Two major factors lead to my conclusion that America should not be intervening in any significant way in the current terrible situation in Egypt.
First, I cannot think of any form of intervention that would do any good. Second, I cannot find in that country today any major group of actors who deserves to benefit from our intervention. The military is engaged in the mass murder of its own citizens, and the suggestion that some of the murdered, or of their associates, were contemplating terrorism at a future time, does not come close to justifying the butchery. The brutal murder of dozens of people already in custody recalls the worst days of the 20th century.
Their opponents, members of the Muslim Brotherhood, appear somewhat sympathetic as victims, but the response of many of them, unrestrained by their leaders, of murdering Coptic Christians is no more morally acceptable than what the military is doing. In fact, the Coptic Christians are the one group of victims in that country who do have a credible claim on our help.
Armed multinational intervention to prevent genocide should be the one exception we are prepared to make — if it can be done effectively — to the principle that we will not seek by military force to bring order out of internal chaos in any country.
We have not made that distinction sufficiently clear in debating when America should use force. We have a superb military, and it is unparalleled in its ability to protect people in one country from an invasion by another. Bill Clinton successfully protected the people of Bosnia and Croatia from the more heavily armed Serbs. George H.W. Bush was right — and I was wrong — to go to the aid of Kuwait when it was invaded by Iraq. But efforts to intervene internally in a country whose problem is not an outside attacking force, but the willingness of its own citizens to kill each other, present an insoluble problem. We cannot create coherent or even mutually tolerant societies where the will does not exist domestically.
No outside force caused this problem in Egypt. No outside force can resolve it. To emphasize the critical distinction between external and internal violence, when Bill Clinton protected Bosnia and Croatia, he was able to withdraw our Air Force knowing that in each country, governments existed that were capable of functioning. George H.W. Bush protected the Kuwaitis from Saddam Hussein, then withdrew and let Kuwait continue to govern itself.
But when we are talking about terrible internal violence, pitting a substantial part of a country in murderous warfare against the other, intervention is an endless and ultimately fruitless process. Iraq is the example here. We overthrew Saddam, but unlike in Kuwait, the replacement has been continued bloodshed and disorder.
Recognizing the inefficacy of intervention when the troubles are wholly internal to a particular country is an important correction to those American politicians who blame our country for the fact that Egyptians are still murdering each other. From the rise of Hitler through the demise of Communism in 1990, America had a responsibility to protect others in the world from the threats to freedom that those two regimes represented, although decreasingly so in the case of Communists over time. Today, America has neither the responsibility nor the ability to protect people in various countries from their own refusal to stop killing each other. Years ago, people on the right accused liberals of following a “blame America first” policy, taking responsibility for ills elsewhere in the world. The current examples of this are Sens. Lindsey Graham and John McCain insisting that we are somehow partially responsible for the chaos in Egypt.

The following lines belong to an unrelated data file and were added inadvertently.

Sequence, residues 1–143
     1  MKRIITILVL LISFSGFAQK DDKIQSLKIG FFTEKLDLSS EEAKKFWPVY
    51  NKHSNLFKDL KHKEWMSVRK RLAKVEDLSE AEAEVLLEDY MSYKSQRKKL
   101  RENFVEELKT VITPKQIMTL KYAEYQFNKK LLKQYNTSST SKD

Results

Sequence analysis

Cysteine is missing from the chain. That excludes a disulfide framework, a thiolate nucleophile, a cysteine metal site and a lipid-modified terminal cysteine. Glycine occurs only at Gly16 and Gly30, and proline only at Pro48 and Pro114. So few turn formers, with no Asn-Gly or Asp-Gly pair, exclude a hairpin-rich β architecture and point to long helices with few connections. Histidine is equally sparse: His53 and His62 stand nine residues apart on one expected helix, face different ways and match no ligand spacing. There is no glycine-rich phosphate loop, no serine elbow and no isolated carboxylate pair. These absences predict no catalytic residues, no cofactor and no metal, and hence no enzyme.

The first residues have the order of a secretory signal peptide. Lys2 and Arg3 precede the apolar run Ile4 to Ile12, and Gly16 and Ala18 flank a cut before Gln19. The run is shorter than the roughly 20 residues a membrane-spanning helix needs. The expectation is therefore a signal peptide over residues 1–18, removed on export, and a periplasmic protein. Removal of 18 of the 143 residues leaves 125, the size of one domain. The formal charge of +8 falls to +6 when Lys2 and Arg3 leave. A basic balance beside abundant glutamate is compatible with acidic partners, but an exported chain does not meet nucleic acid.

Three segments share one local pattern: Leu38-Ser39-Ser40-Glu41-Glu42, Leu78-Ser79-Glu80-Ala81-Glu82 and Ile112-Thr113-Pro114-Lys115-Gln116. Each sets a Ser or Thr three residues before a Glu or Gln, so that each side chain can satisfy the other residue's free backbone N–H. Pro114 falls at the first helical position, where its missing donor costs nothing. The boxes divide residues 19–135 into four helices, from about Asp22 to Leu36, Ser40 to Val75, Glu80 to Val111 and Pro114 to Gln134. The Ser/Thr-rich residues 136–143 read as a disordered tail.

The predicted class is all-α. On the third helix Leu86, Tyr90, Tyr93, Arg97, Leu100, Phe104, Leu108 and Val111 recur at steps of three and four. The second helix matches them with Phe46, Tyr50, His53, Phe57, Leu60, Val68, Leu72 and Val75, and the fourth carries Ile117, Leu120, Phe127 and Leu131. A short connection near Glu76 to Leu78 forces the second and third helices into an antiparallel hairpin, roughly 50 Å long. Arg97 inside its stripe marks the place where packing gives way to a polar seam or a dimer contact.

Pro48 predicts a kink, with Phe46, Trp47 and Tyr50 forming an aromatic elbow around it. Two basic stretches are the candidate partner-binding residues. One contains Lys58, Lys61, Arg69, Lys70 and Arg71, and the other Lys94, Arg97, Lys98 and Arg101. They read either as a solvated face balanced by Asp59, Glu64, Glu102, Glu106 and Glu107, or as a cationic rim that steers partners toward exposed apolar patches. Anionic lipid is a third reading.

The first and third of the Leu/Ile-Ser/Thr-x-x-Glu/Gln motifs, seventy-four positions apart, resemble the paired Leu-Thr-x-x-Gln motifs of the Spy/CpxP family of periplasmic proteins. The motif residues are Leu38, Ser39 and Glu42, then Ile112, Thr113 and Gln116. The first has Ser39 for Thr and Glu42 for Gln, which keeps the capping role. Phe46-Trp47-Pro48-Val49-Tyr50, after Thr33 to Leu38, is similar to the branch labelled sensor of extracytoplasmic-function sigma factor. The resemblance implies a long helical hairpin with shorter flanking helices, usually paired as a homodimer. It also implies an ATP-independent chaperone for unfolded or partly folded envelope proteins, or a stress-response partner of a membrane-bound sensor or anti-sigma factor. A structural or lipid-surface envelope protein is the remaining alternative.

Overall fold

Nor should we cut off our military aid at this point. No American decision to cut off military aid would deter the generals from their determination to wage war on their internal opponents.
That aid is payment on a contract made among Egypt, Israel, and the U.S. in 1979 to end hostilities. Every Egyptian government since 1979 has lived up to its commitment to maintain peace with Israel. If Israel comes to doubt the durability of that commitment, there is no chance of any Israeli government taking the further risks necessary for an Arab-Israeli peace agreement. That is why we continued the flow of money despite the generally dismal record of all the Egyptian governments on human rights since then. And it is why we should continue to do so.
Ending the aid would undercut John Kerry’s great work on the peace process, while doing nothing to restrain the Egyptian military, given its conviction that it is in an existential war with the Islamists.
The use of the phrase “silver lining” is far too light-hearted to be appropriate in this great tragedy, but there is one positive lesson we should draw from what is happening now in Egypt. There are very real limits to what America or any other outside nation can accomplish in a situation of violent internal turmoil.
Barney Frank is a retired congressman and author of landmark legislation. He divides his time between Maine and Massachusetts. You can follow him on Twitter: